“This is a true saying, If a man desire the office of a bishop, he desireth a good work” (I Timothy 3:1).
Current usage of the term “bishop” does not completely reflect the Biblical meaning. The term should not be restricted to a leadership role in denominational hierarchy, but rather should include that of a leadership role in a local fellowship of believers. This word and its parallel terms might be better communicated by the terms pastor, elder, shepherd, or overseer. The qualifications for leadership (as listed in the verses following our text) cannot be overstressed, although they are all too often ignored by local churches.
Here, the duties of oversight of a church are identified as work, albeit good work, as anyone who has ever shouldered such responsibilities would agree. They include the exercise of “hospitality” (v.2)—opening one’s home, pocketbook, and heart to Christians in need. Teaching (v.2) also implies hard work in study and preparation.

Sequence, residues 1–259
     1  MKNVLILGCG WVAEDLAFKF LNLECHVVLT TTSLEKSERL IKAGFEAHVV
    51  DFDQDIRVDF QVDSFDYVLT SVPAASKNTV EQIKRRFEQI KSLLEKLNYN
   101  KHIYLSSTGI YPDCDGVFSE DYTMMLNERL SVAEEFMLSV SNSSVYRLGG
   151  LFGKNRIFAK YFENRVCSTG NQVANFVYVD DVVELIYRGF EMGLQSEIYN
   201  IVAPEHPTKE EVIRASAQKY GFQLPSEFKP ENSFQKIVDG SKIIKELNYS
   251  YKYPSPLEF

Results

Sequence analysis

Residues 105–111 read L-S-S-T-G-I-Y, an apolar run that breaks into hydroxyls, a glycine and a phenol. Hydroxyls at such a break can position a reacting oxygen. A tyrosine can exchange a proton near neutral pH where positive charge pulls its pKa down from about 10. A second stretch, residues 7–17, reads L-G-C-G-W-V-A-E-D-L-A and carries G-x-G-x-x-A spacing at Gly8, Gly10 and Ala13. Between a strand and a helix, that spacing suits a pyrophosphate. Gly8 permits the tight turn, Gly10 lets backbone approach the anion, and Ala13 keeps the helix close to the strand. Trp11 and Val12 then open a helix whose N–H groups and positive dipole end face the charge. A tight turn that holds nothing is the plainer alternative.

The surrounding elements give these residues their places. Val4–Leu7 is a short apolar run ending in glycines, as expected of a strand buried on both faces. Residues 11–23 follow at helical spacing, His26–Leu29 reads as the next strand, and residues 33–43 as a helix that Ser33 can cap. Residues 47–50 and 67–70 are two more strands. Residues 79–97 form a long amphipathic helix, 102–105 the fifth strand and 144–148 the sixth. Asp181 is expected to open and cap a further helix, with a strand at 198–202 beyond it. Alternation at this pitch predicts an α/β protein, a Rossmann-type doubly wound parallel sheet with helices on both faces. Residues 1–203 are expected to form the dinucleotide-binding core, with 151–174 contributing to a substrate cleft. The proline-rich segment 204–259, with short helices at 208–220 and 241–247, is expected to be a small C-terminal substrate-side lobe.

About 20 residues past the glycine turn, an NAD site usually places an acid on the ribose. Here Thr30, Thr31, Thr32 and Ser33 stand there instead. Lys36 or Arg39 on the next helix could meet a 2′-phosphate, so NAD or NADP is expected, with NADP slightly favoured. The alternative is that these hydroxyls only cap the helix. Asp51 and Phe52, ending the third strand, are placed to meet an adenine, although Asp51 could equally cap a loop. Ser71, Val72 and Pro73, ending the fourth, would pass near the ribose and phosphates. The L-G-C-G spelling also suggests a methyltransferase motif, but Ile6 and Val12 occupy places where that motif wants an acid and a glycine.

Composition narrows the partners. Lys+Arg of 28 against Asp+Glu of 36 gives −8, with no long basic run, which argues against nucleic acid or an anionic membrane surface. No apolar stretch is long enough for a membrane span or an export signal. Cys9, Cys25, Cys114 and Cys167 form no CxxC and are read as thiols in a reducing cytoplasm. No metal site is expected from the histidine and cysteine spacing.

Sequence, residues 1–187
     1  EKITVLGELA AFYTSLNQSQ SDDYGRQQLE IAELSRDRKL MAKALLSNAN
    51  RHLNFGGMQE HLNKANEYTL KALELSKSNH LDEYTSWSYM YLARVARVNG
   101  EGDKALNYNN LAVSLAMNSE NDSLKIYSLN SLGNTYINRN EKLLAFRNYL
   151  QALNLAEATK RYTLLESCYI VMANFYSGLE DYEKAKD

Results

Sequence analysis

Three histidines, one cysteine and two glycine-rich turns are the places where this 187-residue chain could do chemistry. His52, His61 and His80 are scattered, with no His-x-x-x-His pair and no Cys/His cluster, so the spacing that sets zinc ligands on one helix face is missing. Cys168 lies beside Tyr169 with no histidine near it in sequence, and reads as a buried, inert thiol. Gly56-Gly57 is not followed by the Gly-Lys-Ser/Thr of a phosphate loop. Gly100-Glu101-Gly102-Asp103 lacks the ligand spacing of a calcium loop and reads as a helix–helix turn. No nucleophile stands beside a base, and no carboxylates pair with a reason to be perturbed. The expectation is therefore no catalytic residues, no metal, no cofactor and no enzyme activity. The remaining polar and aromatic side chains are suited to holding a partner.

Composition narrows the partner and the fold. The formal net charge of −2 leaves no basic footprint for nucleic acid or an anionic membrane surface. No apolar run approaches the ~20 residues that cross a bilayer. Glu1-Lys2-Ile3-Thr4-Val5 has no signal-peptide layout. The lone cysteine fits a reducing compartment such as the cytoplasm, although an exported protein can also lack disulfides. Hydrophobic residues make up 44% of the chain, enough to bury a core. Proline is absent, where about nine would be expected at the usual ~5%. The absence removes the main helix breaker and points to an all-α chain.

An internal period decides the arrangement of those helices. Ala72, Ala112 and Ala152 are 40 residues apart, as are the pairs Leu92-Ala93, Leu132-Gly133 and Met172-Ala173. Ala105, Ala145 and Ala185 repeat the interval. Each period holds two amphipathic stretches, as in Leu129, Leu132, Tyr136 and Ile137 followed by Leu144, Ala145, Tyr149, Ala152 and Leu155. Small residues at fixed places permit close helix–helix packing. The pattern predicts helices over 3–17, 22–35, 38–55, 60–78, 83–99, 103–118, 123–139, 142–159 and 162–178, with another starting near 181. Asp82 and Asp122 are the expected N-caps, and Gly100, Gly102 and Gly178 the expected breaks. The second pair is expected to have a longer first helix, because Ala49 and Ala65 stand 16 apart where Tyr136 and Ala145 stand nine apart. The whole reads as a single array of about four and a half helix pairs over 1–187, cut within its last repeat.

Likewise, such an overseer must be in the habit of visiting and ministering to those in need (James 1:27); shepherding or feeding the flock (I Peter 5:2); protecting the flock from those who would teach error (Acts 20:28,29); being examples of humility and service to the rest of the flock (I Peter 5:3); being examples in faith (Hebrews 13:7) and blamelessness (Philippians 3:17) among other duties—all of which are hard work.
Perhaps the duty most sobering to a church leader is that he must take responsibility for the spiritual health of the flock and must give an account to God for such (Hebrews 13:17), either in “joy” or “grief.”
May God enable each Christian leader to undertake those duties with vigor and victory, and may He also enable each Christian to bring joy, not grief, to those under whose authority God has placed us. JDM